4. If there are any specialists or therapists helping out, then their reports should be consulted when writing the IEP. Better yet, can they attend an IEP meeting or speak directly to the classroom teacher or SE teacher before they review the IEP? If your child is attending more than one facility or service, there is still only 1 IEP. Consistency is the key.

5. An IEP does not replace the national curriculum (which in fact supports our kids very well, but that's another blog!). It's not like a Bill of Rights in that what is written into it is exhaustive and final. It is an opportunity to focus efforts. There should be no more than 5 or 6 goals, sometimes as little as 2.  Again - these should be specific to the impairment category. 

6. It's the frequency and intensity of adjustments that determines the funding, and these must be an accurate reflection of what happens in the classroom. Ask what level of funding your child receives.   It will be either level 2, 3 or 4 with the highest level of funding going to level 4, and this is usually for children with multiple impairments or a completely alternate education program. Level 4 gets about $10, 000 and let's face it, that doesn't pay for a quarter of a full time teacher aide. (This is correct in Qld, funding may differ in other states, but you are entitled to ask how much, and how is it spent).

I hope that all this helps some. If you want to know something specific, just ask. Ask me, ask your school, ask your therapy providers, ask other parents. What matters is that we give those who need it a voice. Speak up. I always tell the parents I work with that 'the squeaky wheel gets the grease'. You are entitled to be heard, and given the input or answers you need.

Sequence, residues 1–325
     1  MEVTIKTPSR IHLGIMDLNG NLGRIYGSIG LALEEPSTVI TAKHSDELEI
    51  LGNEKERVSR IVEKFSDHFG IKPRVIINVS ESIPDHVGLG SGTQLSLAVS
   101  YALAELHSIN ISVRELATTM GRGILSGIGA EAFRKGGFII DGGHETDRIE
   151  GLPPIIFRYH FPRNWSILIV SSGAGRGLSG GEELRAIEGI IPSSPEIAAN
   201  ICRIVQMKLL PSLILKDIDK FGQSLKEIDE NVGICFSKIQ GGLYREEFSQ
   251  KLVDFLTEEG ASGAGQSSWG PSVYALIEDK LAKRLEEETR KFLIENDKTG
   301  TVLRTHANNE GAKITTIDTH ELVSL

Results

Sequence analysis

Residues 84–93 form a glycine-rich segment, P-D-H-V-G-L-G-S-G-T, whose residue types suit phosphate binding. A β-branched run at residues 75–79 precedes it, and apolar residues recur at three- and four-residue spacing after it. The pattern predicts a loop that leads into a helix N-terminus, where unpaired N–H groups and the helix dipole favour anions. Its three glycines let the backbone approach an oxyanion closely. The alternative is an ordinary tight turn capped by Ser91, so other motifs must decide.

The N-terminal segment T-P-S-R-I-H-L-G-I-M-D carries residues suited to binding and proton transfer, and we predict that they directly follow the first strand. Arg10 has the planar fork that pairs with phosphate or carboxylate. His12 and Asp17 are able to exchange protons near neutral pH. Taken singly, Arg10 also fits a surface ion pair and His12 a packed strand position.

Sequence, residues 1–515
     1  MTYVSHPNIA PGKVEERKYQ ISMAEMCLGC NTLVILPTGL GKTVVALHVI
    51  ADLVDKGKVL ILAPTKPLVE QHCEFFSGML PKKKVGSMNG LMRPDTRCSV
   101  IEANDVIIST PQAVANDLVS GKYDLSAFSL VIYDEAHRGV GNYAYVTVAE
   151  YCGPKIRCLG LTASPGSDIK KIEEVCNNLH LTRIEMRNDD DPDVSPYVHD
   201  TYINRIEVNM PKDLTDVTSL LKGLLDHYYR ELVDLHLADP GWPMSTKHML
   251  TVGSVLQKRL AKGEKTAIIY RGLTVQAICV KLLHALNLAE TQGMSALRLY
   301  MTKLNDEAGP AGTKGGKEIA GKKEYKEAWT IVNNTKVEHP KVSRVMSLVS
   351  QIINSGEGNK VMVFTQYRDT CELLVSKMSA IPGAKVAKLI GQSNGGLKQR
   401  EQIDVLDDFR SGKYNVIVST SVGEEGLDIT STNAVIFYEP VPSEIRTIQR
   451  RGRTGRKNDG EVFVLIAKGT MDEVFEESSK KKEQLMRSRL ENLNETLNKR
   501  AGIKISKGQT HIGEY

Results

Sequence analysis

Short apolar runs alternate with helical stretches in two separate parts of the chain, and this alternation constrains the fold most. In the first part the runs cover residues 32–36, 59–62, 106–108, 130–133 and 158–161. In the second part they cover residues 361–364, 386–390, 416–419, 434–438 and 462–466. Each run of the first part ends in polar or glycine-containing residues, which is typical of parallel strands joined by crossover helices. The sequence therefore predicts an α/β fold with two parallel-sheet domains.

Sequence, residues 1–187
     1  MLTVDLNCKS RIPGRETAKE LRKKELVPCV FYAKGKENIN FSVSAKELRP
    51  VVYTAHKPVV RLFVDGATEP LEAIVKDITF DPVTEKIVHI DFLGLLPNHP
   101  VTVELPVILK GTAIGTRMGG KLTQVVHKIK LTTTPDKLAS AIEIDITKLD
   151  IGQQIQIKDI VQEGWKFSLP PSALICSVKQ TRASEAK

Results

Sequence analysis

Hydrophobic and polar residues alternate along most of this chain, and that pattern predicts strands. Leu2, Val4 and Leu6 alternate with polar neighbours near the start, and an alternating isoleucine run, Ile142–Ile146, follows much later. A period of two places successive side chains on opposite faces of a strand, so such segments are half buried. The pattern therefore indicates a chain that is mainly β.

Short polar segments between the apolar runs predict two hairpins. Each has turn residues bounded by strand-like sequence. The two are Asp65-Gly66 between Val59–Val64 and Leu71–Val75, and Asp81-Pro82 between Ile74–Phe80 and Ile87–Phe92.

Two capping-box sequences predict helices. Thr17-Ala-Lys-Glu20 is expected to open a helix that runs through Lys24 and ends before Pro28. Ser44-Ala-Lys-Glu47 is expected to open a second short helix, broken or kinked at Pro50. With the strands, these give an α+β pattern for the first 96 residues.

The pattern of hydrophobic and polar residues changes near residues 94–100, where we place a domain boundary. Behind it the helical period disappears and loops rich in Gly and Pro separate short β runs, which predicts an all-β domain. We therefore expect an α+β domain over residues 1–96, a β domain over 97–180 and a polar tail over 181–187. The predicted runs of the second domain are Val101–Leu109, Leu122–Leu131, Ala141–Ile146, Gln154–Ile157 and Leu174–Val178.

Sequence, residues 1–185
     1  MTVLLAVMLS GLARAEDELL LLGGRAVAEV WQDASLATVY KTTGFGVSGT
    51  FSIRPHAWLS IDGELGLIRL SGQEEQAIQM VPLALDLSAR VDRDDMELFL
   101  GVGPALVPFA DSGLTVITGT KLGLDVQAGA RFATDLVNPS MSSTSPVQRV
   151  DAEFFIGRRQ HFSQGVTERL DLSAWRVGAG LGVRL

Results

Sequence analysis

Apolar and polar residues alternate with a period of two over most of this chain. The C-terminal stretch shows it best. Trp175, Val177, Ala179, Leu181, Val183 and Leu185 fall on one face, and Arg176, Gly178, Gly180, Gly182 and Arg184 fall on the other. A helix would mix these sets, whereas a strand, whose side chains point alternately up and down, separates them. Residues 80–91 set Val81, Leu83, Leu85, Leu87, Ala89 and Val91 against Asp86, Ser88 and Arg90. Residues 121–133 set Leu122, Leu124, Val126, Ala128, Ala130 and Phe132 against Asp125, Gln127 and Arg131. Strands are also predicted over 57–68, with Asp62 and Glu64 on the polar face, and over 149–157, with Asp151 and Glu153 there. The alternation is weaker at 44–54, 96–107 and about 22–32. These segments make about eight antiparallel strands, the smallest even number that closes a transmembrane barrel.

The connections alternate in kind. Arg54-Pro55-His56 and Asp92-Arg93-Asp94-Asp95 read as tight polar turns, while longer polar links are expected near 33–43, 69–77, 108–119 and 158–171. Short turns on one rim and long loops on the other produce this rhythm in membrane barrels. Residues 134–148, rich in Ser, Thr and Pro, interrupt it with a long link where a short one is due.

In reality, there should be no fence to sit on. There shouldn't be a 'parent' or an 'educator' side of the fence. Aren't we all working towards the same thing?  

Good luck with your first school day of 2013! 

Thursday, 10 January 2013

More support, less judging.

Okay, so I came across this news article yesterday about a 6 year old girl in the US who was disruptive at school, the police were called, she was handcuffed and taken to the station. It's an old story from April of last year so I'm not too sure why there was a fresh link to it from the new.com.au website, but it was still an interesting read.  In a nutshell, the girl was having a tantrum, damaged school property, and tried to run away several times.

Following the white rabbit of url links I then came across this story about a 5 year old boy with autism who was also removed from school by police. I think what makes me upset about both of these stories is the lack of understanding and support given to the families. No diagnosis is mentioned for the 6 year old girl, but any 6 year old who reacts with such violence is in need of help. Whether it is a medical diagnosis or she is at risk due to social and economic reasons, why is there no mention of the support given to the family to help resolve the issue. Either there was none, or good news doesn't sell enough newspapers.